Spying, refugees and executions: Inside the Indonesian and Australian media
January-March 2016
By: Ross Tapsell

This was not just an attack on the sensationalist tabloid press. The study quoted both Australian and Indonesian political leaders who claimed the portrayal of events by the national broadsheet newspapers and mainstream television media (and the ABC in particular) was “one of the concerns about the bilateral relationship.” The report led the former Indonesian ambassador to Australia, Wiryono Sastrohandoyo, to suggest that “misperceptions and misunderstandings are hindering the full flowering of the bilateral relationship,” due largely to “the [Australian] mass media that mitigate against closer ties, no matter how closely the two governments may be working together.”

Along with politicians, academics have also accused the Australian news media of creating misperceptions in their portrayal of Indonesia. Senior scholars of Australia-Indonesia relations have made the point of stressing the importance of the media. Australian academics have continued this argument, claiming that the media, not government policy, has played a significant role in shaping public opinion. Many scholars writing about the Australian news media in Asia saw this problem as unique to Australian reporting of Indonesia. One of the most compelling cases for this argument was the Schapelle Corby courtroom dramas and the general movement in Australia to “Free Schapelle” from the unfairness of the Indonesian justice system and the apparent miserable conditions of a Bali prison.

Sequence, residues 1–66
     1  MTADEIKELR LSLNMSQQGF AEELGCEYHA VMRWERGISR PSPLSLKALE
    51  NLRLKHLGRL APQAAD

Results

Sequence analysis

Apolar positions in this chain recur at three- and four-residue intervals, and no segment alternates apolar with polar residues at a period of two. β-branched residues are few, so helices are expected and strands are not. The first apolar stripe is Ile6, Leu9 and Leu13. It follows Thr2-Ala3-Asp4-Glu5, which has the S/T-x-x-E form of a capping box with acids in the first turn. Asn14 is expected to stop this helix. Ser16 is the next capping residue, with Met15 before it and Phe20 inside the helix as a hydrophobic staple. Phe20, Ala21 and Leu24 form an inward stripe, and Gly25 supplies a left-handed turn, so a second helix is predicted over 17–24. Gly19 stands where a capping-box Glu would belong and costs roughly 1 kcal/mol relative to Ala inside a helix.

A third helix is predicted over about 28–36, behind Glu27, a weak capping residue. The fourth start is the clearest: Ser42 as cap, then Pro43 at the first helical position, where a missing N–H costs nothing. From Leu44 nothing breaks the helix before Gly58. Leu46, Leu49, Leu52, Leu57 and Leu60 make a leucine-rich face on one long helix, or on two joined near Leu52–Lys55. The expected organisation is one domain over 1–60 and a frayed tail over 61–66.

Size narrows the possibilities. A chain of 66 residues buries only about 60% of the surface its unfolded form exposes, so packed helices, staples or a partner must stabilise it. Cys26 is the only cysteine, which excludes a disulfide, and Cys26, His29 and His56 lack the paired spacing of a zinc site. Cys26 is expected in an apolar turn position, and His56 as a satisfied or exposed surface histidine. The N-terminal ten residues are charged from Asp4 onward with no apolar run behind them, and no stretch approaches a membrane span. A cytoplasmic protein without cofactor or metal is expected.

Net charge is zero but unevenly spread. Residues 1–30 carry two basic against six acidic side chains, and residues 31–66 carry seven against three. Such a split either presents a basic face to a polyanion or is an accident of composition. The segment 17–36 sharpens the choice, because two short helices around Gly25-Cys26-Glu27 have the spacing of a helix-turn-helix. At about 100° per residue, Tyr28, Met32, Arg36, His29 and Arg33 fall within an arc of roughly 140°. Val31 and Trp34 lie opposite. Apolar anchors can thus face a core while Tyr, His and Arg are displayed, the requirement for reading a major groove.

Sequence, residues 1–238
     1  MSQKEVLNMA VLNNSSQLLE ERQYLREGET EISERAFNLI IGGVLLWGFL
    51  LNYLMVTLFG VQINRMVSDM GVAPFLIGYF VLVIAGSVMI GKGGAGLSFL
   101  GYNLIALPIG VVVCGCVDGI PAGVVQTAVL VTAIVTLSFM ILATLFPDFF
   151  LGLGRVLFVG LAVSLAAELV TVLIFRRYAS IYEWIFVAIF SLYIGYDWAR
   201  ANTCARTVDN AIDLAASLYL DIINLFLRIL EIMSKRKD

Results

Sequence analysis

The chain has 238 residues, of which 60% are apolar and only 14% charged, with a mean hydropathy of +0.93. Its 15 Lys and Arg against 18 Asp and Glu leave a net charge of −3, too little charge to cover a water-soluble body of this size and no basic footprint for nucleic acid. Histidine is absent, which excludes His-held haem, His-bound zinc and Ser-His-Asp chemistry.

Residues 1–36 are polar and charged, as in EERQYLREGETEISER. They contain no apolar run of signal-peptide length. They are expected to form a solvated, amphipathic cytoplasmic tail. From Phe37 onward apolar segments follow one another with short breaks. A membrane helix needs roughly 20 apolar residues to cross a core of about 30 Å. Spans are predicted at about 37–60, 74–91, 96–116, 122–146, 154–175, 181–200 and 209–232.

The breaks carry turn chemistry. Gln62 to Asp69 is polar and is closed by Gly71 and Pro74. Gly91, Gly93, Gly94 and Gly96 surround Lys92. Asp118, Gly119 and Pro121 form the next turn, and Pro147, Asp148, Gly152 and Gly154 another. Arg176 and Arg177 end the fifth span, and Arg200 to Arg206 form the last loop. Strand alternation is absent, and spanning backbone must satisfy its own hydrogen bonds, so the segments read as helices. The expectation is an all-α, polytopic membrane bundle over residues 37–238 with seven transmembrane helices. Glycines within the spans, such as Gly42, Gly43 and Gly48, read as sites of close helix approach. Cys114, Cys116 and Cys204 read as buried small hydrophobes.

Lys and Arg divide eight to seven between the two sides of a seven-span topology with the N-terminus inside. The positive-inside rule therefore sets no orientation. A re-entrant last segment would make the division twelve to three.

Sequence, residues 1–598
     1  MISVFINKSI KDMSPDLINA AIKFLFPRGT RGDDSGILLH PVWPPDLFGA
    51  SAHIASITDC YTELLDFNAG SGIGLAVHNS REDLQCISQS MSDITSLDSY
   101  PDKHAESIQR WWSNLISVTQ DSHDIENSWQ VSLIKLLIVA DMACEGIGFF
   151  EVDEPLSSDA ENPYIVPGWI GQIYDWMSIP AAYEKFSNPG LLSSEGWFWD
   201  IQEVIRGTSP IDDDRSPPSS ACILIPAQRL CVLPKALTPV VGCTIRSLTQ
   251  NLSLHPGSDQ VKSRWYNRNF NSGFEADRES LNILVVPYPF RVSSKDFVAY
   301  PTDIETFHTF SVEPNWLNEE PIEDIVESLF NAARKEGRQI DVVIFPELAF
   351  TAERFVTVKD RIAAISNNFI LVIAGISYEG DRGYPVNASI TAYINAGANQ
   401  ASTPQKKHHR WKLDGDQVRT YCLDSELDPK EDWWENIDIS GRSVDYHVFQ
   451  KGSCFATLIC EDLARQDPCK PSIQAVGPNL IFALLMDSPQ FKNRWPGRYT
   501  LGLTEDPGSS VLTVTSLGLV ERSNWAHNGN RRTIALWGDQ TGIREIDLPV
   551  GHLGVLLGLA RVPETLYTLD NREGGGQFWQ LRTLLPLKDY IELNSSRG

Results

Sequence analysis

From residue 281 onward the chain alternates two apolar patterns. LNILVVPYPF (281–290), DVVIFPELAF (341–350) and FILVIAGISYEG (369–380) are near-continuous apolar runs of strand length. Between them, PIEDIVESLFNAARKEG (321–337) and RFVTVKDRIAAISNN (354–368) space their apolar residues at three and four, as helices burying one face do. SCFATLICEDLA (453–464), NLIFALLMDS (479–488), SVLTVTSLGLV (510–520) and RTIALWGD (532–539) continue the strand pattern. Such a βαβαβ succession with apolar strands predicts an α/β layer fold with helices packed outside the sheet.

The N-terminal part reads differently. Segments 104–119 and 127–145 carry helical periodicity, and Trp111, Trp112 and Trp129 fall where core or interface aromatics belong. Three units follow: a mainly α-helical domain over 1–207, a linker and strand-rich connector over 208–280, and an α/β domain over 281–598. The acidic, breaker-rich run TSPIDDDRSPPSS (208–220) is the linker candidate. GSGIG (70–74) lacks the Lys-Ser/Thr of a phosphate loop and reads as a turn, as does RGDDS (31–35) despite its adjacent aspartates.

John Schwartz, in his analysis of the media’s coverage of the event, wrote in Metro Magazine in 2005: “The lesson to be learned from the media coverage of the Schapelle Corby case is that commercial media outlets play a very active role in setting agendas, shaping public opinion and encouraging strong reactions. The public outrage which came after the guilty verdict was announced, including the incident at the Indonesian Embassy and the attacks on Indonesia’s legal system, has in the short term at least, worked to sour Australia's diplomatic relations with Indonesia.”

The story contributed to Indonesia being the country that received the most coverage on Australian television in 2005, as 18.42 percent of all foreign news reports were about the country. A total of 1.7 million viewers tuned to the live coverage of the verdict on the Nine and Seven television networks. The commercial media’s fascination with the Corby case encouraged the public outrage that came after the guilty verdict was announced, including protests at the Indonesian Embassy in Canberra and public denouncements of Indonesia’s legal system, which soured Australia's diplomatic relations with Jakarta. 

In the case of the Corby trial, the attention it received at home highlighted the ability of the commercial media to employ “parachute” journalists who operated under strict instructions from editors to play an active role in setting agendas, rather than the resident Jakarta correspondents. This was to the detriment of resident correspondents who believe the Corby story was sensationalized. For example, The Australian’s Stephen Fitzpatrick argued that there were problems with journalists from Australia parachuting in and reporting in Denpasar. “Reporters pitching up at Denpasar local court can be a problem because it is physically so easy to do, just a few hours’ flight, and you’ve been court reporting for the past five years in Sydney, except the rules have all changed and if you don’t know that everything is slightly different, you will get it all wrong,” he said. “That happens regularly. Court reporting here is just so different to court reporting in Australia.”

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